Posted: 4 Oct 2015
Date Written: August 1, 2014
The rise of social media has opened up a vista of business opportunities to better understand customer needs and preferences, to reach specific targets and to leverage social influence and word-of-mouth in unprecedented ways. Monetization of social interactions and influence is one of the key challenges facing researchers and practitioners alike. For example, while online users are often paid to “like” products and vendors on social media sites under the assumption that likes are valuable, the crux of the matter lies in the question: How much is a “like” worth to a seller? This simple yet important question (more generally, the issue of monetization of user actions on social media) has received scant attention in the extant social media literature. To address this question, we posit that “likes” affect business outcomes through two distinct mechanisms: (i) Direct influence on friends or contacts (or higher order impact on friends of friends), and (ii) signaling, whereby a higher “likes” count of a product acts as a proxy for superior quality or value.
To identify the economic value of the social “likes” we carefully designed a randomized field experiment where the “like” information is adjusted to separately identify the role social influence and social signals. We identified that having a social “like” on a product page increases the revenue from social signaling and each additional like contributes to the sales. From the academic perspective, this research provides a foundation for understanding and assessing the business value of social media initiatives. Literature on the value of social influence is nascent, and has not considered the joint impact of signaling and influence on monetization of social media activities. As noted in many business publications, in spite of an explosion of social media investments, assessing the financial value of social media initiatives has remained an elusive endeavor. From the practitioner’s standpoint, this research study not only helps marketers optimally incentivize social media users to engage with their products and brands, but also provides a basis for assessing the returns from allocating resources to this new channel of interactions and commerce.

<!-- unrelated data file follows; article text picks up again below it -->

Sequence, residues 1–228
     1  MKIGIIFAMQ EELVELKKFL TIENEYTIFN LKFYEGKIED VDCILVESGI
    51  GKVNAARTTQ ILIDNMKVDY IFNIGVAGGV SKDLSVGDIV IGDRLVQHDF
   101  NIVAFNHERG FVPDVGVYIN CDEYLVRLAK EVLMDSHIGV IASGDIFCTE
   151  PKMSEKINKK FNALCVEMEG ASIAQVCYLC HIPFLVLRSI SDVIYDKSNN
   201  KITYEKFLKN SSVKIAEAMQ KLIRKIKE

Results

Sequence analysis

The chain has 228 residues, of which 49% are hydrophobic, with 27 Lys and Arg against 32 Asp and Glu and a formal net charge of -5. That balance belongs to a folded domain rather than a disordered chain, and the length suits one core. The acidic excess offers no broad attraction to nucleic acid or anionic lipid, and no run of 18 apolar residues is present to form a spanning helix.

Keywords: social advertising, social influence, social signaling, social networks, information diffusion, peer influence
JEL Classification: D83, M30, C93
Suggested Citation: Suggested Citation